Giving The Key to a New Future

Christina Melton Crain has received 4,541 letters from inmates across the state of Texas. Some have said that they’re on parole and need guidance. Others are looking for a second chance at life.

In October, an incarcerated individual at the Texas Department of Criminal Justice wrote simply to inquire about making “a successful re-entry back to society.”

And Crain has responded to every single one.

Sure, her extensive attorney experience and former position as chair of the Board of Criminal Justice more than qualifies her to properly respond to these letters. But it’s her actions while in those positions that allows her to provide these inmates with real solutions.

“I represent minor children of abuse, neglect, injuries,” said Crain, president and CEO of Unlocking DOORS. “Many of their parents have been involved or are involved in the criminal justice system. So, I kind of started to look at how the two correlated and tried to figure out if there was something we could do here that has more of a family unification/reinvesting in the community and try to do what we can for those who are willing to do it.”

Quick Facts About Unlocking doors

Unlocking DOORS works to reduce recidivism by:

  • Assessing client needs by identifying general risks, measuring behavior, identifying financial eligibility for assistance, and getting a grasp of job interest and skill sets
  • Creating a custom plan for clients to meet goals
  • Helping clients prepare for employment through training and resources
  • Monitoring the clients for up to four years or the completion of their plan

CONTACT: 214-296-9258

Unlocking DOORS was established in 2010 to serve as a “reentry advocate” for former inmates and their families. The organization also is a resource for the community, providing the tools necessary for all to understand the reentry process.

Texas has the second largest criminal justice system in the United States. Thousands of offenders are released from the prisons back into Texas communities annually, many not knowing where to go or who to go to. Crain, a Preston Hollow resident, compared what DOORS does to the role of a primary care physician.

Offenders go to the organization for a personal assessment. From there, DOORS will send them to the appropriate services provided by one of its 40 plus partners, such as housing, employment, substance abuse treatment and health care. They monitor and guide their clients every step of the way. It’s a unique, targeted model that has proven to reduce recidivism, or a relapse in criminal behavior.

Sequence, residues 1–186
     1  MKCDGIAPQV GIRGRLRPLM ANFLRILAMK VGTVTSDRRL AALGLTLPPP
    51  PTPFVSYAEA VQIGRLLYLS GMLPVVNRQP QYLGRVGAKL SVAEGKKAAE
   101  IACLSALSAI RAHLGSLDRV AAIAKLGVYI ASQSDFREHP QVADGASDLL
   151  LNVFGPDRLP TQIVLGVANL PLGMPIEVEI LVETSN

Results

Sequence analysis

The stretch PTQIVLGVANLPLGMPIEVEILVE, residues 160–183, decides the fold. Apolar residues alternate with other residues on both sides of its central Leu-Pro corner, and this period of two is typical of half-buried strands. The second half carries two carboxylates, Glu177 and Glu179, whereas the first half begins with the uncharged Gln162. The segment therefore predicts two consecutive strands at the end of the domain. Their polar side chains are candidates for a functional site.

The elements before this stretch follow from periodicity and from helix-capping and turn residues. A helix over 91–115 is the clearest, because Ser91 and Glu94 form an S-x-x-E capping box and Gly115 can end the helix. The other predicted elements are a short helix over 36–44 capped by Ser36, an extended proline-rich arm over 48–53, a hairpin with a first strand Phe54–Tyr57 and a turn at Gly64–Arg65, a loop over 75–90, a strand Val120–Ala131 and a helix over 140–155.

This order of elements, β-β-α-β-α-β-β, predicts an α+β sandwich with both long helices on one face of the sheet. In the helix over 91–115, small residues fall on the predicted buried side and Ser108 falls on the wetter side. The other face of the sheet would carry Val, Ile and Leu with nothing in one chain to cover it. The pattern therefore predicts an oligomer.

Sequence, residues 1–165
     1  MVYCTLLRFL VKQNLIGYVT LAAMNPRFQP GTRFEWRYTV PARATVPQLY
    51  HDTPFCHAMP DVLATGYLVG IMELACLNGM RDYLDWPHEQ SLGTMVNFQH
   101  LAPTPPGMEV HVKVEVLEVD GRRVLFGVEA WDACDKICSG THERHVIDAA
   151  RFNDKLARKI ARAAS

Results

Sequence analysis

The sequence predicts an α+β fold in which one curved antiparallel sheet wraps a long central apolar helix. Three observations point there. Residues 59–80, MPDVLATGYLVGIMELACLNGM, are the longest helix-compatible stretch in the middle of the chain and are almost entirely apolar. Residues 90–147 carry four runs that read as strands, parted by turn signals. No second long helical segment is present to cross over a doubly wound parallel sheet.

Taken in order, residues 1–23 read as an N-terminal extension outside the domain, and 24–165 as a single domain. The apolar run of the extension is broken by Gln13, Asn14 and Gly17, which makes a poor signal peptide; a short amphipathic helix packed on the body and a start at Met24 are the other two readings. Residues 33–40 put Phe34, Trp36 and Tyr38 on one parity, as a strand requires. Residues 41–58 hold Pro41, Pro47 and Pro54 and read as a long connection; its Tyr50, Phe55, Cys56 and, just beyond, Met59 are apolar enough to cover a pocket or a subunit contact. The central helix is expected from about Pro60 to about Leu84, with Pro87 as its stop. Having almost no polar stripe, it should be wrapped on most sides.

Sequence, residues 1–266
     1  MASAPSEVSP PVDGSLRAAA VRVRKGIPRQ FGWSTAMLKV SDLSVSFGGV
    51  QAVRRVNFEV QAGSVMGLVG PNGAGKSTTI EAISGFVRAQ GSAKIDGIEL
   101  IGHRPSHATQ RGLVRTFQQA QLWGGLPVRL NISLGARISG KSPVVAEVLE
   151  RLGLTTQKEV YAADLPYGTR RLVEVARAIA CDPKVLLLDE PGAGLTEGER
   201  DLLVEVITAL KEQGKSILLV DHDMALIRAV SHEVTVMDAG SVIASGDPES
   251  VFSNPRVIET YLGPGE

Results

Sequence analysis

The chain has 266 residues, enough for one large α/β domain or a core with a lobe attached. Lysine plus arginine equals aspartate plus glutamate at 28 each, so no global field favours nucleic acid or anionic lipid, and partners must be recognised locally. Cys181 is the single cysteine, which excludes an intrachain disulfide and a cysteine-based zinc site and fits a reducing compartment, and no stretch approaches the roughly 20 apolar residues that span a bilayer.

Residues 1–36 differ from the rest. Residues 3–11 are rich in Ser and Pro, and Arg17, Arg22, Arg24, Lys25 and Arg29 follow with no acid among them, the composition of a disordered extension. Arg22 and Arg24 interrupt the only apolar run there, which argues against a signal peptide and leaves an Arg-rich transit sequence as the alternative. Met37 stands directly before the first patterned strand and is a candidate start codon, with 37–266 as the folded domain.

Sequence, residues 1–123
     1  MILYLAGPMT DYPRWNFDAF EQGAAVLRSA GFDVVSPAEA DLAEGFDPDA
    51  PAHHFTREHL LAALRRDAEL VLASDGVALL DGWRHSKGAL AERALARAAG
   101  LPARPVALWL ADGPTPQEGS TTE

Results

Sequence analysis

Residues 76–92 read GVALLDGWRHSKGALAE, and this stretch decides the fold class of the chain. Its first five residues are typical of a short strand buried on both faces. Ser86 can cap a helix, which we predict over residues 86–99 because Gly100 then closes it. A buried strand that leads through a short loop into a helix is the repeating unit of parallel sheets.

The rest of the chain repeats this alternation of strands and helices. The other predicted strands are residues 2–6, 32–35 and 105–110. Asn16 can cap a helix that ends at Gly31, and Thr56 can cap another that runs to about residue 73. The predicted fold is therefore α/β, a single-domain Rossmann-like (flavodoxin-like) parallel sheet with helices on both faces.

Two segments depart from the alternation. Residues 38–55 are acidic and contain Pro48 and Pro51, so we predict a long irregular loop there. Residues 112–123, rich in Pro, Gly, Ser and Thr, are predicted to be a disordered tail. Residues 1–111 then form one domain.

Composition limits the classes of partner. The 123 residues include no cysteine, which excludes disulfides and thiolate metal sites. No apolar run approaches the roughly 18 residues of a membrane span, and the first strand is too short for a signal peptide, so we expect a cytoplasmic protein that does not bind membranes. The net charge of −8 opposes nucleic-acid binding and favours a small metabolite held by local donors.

“If we don’t guide them to the right places and make sure they get a comprehensive understanding of what they really need in order to achieve self sufficiency that’s crime free, then we’re all going to be paying for it,” Crain said. “Whether you’re a victim because they committed another crime, or your taxes go up because we need more tax dollars to pay for incarceration or supervision.”

The majority of their clientele have been in and out of prison and are finally ready to end the toxic cycle. DOORS posts an ad six times a year in the prison newsletter that spark the letters that Crain receives. Some even take it upon themselves to go online while in prison and download a client form, which automatically places them in a database.

Crain stresses the program be kept voluntary. She wants people to be there because they want to, not because they were ordered to.

“Many times offenders have learned how to work under supervision,” Crain said. “We don’t want this to be that kind of opportunity for them.”

Pamela Bryant, who met Crain while imprisoned, heard Crain speak of the benefits of the program, and it introduced her to new beginnings.

“After trying everything the streets had to offer, I said ‘Why not give Unlocking DOORS a try?’” Bryant said. “So here I am. Unlocking doors in my life to reduce recidivism.”

The organization serves as a model for other states searching for successful ways to reduce recidivism. By the end of next year, DOORS hopes to have a presence in five counties across the state.

“It’s really about giving to the people who are interested in not going back,” Crain said. “If we truly are a country of second chances, then we need to live by our words.”

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